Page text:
# Particle Help

1. Sep 28, 2004

### rokket

I have a smal brain but am trying to help an elderly gentleman (who doesn't speak too good English) with his theories.

He talks about a "twon" or tuon in relation to the rapid deceleration of photons, producing eletron-positron pairs.

I can't find any particle or process similar to this except muons. Has anyone ever heard of twons?

2. Sep 28, 2004

Staff Emeritus
Maybe he means tauon; this is a heavy lepton in the same family as the electron. The three "flavors", from lightest to heaviest are electron, muon, tauon. The latter two names come from the greek letters mu and tau, used to designate those particles. Mu rhymes with moo, and tau rhymes with cow. Corresponding to each of these particles there is also a neutrino, called the electron neutrino, the mu-neutrino and the tau-neutrino.

3. Sep 28, 2004

### mathman

Pair production (mostly) occurs when a high energy (above 1.022 Mev) gamma ray passes close to a nucleus. Much more energy would be required to get muon or tau particles.

4. Sep 28, 2004

### marlon

Look, the twon is indeed tauon as sA pointed out... Now concerning the pair production, let me provide you with the "general" picture of this system works. In Quantum Field Theory or QFT (the theory that describes the socalled Standard Model in which all elementary particles are classified) the concept of a vacuum or the empty space is quite different from what we intuitively would call empty. The clue is that this vacuum-state is not really empty. It contains a gazillion socalled virtual particles that are on themselves not real, yet in some way (i won't get into this) they can influence real physical phenomena that we are able to observe by experiments...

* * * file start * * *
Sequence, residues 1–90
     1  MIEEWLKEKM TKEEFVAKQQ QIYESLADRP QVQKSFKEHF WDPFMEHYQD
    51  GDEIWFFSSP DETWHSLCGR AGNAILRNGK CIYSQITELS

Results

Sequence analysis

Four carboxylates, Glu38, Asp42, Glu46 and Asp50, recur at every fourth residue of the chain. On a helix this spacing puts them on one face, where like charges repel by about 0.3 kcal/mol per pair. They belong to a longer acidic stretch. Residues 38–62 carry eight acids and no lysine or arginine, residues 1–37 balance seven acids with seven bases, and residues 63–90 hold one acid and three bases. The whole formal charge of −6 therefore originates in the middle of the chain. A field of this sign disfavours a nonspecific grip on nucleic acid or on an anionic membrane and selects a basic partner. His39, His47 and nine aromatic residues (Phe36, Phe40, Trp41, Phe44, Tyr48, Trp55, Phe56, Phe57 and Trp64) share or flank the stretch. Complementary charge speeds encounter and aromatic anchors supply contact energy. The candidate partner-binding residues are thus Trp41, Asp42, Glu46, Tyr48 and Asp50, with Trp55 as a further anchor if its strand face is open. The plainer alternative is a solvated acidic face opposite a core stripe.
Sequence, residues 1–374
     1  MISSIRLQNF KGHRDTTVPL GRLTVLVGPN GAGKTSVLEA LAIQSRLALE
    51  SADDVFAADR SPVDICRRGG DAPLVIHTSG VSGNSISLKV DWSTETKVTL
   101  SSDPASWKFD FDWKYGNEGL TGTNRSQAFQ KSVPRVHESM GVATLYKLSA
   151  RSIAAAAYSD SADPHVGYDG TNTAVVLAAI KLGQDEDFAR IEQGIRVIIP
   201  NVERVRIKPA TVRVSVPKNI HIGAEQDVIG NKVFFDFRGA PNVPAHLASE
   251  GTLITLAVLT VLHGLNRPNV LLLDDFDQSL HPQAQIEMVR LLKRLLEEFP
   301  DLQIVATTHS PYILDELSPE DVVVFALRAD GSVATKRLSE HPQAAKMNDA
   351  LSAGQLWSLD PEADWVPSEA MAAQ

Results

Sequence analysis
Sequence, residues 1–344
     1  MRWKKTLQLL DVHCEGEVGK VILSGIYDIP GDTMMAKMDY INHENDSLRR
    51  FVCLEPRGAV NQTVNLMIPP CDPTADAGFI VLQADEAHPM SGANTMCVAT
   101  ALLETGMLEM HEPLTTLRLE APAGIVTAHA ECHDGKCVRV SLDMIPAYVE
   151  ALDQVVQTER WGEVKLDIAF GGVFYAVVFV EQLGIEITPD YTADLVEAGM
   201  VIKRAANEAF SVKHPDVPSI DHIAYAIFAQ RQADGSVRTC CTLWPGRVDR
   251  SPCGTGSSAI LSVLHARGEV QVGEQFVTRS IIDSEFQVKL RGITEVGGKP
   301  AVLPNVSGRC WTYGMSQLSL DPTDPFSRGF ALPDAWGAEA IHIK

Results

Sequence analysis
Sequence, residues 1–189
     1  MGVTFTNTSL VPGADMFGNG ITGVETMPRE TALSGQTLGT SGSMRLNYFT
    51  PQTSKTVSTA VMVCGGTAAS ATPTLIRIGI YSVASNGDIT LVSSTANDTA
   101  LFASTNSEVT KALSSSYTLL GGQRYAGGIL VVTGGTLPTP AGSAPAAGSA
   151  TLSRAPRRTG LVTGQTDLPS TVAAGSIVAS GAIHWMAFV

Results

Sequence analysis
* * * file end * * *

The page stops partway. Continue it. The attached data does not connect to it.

So the vacuum state needs to be seen as a "sea" of virtual particles that can form virtual anti-particle pairs (also called the vacuum-fluctuations), a bit like bubbles in a bottle of water.These pairs are constantly created and they die very soon there-after.

Now suppose we can apply some energy to this vacuum state. What will be the consequence ? Well, some of these "vacuum-bubbles" can become real particles for a short time, just like an electron-positron-pair. This energy is used by the virtual particles to become real. Real, means in this case that a particle is the end-result of some interaction. A virtual particle will never be the "outcome" when for example some proton interacts with some electron.

So basically when enough energy is available some real particle can be created out of "nothing". The best example is probably the electron that is observed in beta-decay. It is an atomic nucleus that decays, yet an electron is observed. At first, scientists thought this electron came from the nucleus. Trust me, this is NOT the case. The explanation is that this electron is created out of nothing (the vacuum surrounding the nucleus) and the necessary energy is provided by the decaying mother-nucleus...

regards
marlon

5. Sep 29, 2004

### mathman

In the original question, the process involved a rapid deceleration of photons, producing electron-positron pairs. This means a real process, not the virtual processes of a vacuum.